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MILLER, Judge.
Robbery by sudden snatching, etc. Fayette Superior Court. Before Judge Caldwell.
Samuel Wooten was tried and convicted of robbery by sudden snatching (a felony) and giving a false name to a law enforcement officer as well as driving while his license was suspended (both misdemeanors). Following the denial of his motion for new trial, he brings this appeal asserting several enumerations of error.
1. Wooten claims that the evidence was insufficient to sustain the convictions. The standard of review is whether, in reviewing the evidence in the light most favorable to the prosecution, a rational trier of fact could find Wooten guilty beyond a reasonable doubt. Jackson v. Virginia, 443 U. S. 307 (99 SC 2781, 61 LE2d 560) (1979).
The alleged accomplice, Christopher Chambers, pled guilty to robbery by sudden snatching and testified that he and Wooten agreed "to find a purse to snatch and run" and that Wooten was to drop him off and pick him up at the other end of a parking lot. Chambers further testified that after he snatched a woman's purse, he was chased and caught by several citizens and held until police arrived.
A police officer identified Wooten as the man who approached him at the scene and complained of being struck by one of the citizens detaining Chambers. The officer then saw Wooten leave the scene in a red car. Three citizens on the scene testified that Chambers attempted to get into a red car as he was being chased and that a man on the scene demanded that Chambers be released, but none could identify Wooten.
The same officer testified that Wooten gave him a driver's license bearing someone else's name and the wrong date of birth. After obtaining a printout of Wooten's driving history, police determined his correct date of birth and that his license was suspended.
The evidence sufficed to sustain the convictions. Jackson, supra.
2. Misdemeanor Convictions. Wooten claims there was insufficient evidence to show that the misdemeanors were charged in the indictment within two years of the alleged crimes. He also claims he was denied effective assistance of counsel.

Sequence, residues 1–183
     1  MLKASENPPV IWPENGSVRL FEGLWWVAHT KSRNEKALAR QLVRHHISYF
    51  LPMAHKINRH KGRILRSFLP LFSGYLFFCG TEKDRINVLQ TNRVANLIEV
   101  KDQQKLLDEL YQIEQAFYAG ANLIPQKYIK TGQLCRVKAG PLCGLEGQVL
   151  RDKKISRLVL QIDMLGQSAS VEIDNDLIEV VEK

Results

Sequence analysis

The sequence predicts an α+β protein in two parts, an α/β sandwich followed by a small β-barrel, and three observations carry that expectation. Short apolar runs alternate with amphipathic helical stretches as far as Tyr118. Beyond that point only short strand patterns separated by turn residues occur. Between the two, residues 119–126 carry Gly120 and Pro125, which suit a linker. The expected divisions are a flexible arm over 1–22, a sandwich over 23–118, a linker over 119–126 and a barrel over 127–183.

(a) The alleged misdemeanors occurred on July 25, 1995. The accusation charging Wooten with the misdemeanors was filed within two years on July 10, 1997. An indictment, filed September 8, 1997, included the same misdemeanor charges and a felony charge. In light of the superseding indictment, the State then dismissed the accusation. Wooten argues that the statute of limitation had run on the misdemeanor charges since the indictment was filed more than two years after the commission of the crimes. See OCGA 17-3-1.
The issue is whether a superseding indictment, filed during the pendency of a timely original accusation and after the statute of limitation has run, is barred. Although this issue is one of first impression in Georgia, we have found considerable guidance from two other jurisdictions. They have held that a superseding indictment brought after the statute of limitation has run is valid as long as (i) the original indictment is still pending; (ii) the original indictment was timely; and (iii) the superseding indictment does not broaden or substantially amend the original charges. United States v. Italiano, 894 F2d 1280, 1282 (11th Cir. 1990); United States v. Phillips, 843 F2d 438, 442, n. 2 (11th Cir. 1988); United States v. Elliott, 849 F2d 554, 561 (10) (11th Cir. 1988); Benitez v. State, 904 P2d 1036, 1037 (Nev. 1995).
We find these cases persuasive and hold the rule should apply to accusations as well since Georgia law allows misdemeanor charges to be brought by either accusation or indictment. See OCGA 17-7-71 (a). The original accusation was timely and still pending when the indictment was filed after the statute of limitation had expired. The indictment only duplicated the original misdemeanor charges and did not amend or broaden them. Although the indictment included a felony charge, such did not amend or broaden the misdemeanor charges. See United States v. Edwards, 777 F2d 644, 649 (11th Cir. 1985). The felony indictment was within the applicable statute of limitation period of four years. OCGA 17-3-1 (c). Accordingly, we hold that the misdemeanor charges are not barred by the statute of limitation.
(b) Wooten asserts several grounds for ineffective assistance of counsel. He claims that trial counsel (1) failed to attack the indictment on the grounds of the statute of limitation, (2) failed to request a jury charge on the statute of limitation and to object to the court not giving the charge, and (3) failed to move for a directed verdict of acquittal on the misdemeanor charges. But these grounds were not raised at the hearing on the motion for new trial. The failure of post-judgment counsel to raise a particular ground for ineffective assistance at the new trial hearing waives appellate review. Williams v. State, 239 Ga. App. 598, 599 (2) (521 SE2d 650) (1999); Mackey v. State, 235 Ga. App. 209 (1) (509 SE2d 68) (1998).
3. Felony Conviction.
(a) Wooten contends that the trial court testified and bolstered the credibility of Chambers before the jury in violation of OCGA 17-8-57. The dialogue of the court, counsel, and witness was as follows:
Defense Counsel: I just want to make sure this is clear, the defense counsel has asked if you lied the day you pleaded. Do you remember the day you pled to the charges here?
Chambers: Yes, sir.
Defense Counsel: Did anybody ask you who was with you?
Chambers: No, sir.
Defense Counsel: Did anybody ask you if Samuel Lee Wooten was with you?
Chambers: No, sir.
Defense Counsel: They just asked you if you committed the crime you were charged with?
Chambers: Yes, sir.
Defense Counsel: Okay.
The Court: [Defense counsel,] that's not part of the plea. He would not have been asked.